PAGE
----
Shagreen is the untanned skin from shark or stingray. It displays an unusually rough and granular surface, providing a tactile and visually interesting element to furniture. It has initially been used for centuries in Asia to cover swords’ hilts or composite bows’ grips. Jean-Claude Galluchat, a master leatherworker in the court of Louis XV, first popularized this material in Europe.

There was a definite resurgence in items being made with the skins of marine animals during the 1920s and 1930s. The lean hard finish and traditional pale green tone lent itself very well to the modernist lines of the Art Deco style. French designers such as Jacques Adnet , Marcel Coard, Jean-Michel Frank, André Groult, Paul Iribe or Clément Rousseau created somptuous pieces of funiture or lighting covered with shagreen.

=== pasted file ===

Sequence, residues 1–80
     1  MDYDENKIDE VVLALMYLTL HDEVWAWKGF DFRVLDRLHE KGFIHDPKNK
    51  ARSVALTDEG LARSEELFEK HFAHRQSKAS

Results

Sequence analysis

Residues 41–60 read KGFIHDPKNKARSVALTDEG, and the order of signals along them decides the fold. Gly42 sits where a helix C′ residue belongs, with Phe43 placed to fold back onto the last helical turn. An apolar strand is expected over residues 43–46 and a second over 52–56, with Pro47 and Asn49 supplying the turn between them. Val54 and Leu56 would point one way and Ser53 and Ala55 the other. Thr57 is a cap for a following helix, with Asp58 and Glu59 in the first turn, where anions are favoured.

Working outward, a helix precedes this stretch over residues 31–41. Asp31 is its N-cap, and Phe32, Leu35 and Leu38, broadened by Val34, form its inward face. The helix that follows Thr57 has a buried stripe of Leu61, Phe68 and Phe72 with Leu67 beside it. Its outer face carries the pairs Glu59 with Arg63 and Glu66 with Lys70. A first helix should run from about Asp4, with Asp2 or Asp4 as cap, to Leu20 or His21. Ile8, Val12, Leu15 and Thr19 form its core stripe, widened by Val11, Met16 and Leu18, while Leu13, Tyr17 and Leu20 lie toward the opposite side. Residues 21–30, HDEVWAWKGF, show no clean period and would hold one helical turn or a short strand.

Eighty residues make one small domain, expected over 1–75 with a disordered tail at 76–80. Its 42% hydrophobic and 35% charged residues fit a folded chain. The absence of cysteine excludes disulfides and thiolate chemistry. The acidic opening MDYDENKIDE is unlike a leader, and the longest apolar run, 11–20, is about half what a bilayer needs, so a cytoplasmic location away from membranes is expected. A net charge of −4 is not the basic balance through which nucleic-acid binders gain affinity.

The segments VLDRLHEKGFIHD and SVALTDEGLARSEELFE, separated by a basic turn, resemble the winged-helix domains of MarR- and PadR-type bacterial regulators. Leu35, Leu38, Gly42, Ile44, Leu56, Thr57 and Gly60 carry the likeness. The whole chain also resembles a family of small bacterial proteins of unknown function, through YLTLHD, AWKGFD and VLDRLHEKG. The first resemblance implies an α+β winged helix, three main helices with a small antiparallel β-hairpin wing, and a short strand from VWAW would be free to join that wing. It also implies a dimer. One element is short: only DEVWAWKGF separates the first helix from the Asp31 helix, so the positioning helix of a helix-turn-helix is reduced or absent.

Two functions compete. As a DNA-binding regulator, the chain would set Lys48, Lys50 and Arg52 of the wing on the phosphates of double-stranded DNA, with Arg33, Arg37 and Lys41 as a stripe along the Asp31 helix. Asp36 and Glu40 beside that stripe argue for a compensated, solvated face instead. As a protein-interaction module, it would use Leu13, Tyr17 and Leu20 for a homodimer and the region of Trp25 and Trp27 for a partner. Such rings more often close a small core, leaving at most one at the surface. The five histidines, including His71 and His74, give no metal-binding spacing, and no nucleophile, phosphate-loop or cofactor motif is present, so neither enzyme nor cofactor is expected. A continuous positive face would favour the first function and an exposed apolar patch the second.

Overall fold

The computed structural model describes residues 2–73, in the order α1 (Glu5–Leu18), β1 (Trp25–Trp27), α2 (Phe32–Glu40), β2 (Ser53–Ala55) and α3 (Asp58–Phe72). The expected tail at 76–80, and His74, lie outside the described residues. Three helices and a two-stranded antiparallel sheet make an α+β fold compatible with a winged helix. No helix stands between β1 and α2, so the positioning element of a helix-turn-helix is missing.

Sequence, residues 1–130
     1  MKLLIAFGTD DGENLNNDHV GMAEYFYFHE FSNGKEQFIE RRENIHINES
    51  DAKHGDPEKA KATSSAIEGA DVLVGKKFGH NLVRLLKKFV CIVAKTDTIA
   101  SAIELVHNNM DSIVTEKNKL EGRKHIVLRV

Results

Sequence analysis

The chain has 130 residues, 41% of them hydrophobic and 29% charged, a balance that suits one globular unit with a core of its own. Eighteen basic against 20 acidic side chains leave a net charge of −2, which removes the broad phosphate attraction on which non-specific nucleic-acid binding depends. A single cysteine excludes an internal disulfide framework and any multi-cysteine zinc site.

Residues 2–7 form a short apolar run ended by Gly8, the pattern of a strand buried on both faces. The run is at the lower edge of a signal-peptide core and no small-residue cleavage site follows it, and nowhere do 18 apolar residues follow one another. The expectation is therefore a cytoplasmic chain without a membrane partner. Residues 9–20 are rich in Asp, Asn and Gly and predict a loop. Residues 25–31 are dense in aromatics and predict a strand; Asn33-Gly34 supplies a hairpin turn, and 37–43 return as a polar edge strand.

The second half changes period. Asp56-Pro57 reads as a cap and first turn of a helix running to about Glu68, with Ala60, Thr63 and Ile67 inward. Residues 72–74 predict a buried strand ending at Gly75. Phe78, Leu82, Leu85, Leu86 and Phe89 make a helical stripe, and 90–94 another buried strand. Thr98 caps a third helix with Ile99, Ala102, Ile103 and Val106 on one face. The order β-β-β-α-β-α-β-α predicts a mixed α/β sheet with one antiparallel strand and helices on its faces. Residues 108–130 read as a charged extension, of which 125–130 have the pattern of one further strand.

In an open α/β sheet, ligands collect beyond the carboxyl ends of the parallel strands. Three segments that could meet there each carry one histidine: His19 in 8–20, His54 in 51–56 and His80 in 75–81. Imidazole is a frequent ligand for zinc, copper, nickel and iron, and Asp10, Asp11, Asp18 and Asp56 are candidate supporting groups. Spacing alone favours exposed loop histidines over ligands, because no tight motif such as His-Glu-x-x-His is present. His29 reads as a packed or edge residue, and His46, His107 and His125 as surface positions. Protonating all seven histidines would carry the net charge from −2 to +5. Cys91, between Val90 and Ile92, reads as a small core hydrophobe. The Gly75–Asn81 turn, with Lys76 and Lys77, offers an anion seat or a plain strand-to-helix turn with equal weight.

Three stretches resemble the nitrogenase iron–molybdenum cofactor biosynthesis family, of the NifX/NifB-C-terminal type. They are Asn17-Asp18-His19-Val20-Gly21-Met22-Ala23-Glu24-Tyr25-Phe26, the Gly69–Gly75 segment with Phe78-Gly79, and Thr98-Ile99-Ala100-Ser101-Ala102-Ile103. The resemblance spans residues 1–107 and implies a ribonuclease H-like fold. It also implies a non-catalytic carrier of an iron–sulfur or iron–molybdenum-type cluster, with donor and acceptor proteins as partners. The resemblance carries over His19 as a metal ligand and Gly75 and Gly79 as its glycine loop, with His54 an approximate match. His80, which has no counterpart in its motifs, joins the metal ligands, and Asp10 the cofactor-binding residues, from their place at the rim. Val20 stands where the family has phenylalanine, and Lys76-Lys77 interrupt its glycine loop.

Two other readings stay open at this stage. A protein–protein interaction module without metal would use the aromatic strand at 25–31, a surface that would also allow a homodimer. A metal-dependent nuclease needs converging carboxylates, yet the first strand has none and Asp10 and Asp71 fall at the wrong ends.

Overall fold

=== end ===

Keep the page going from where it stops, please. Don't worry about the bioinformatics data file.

Skilled craftsmen use the material to cover contemporary items such as luxury luggage, toilet cases, rare books as well as larger pieces of furniture. Its use can add a touch of sophistication and exoticism to furniture. Overall, shagreen-covered furniture remains a symbol of opulence and craftsmanship, appreciated for its unique texture and the visual interest it brings to interior design.

For ethical options, we can use now alternative materials that mimic its texture and appearance.

›  See also inspiring shagreen furniture on our Pinterest page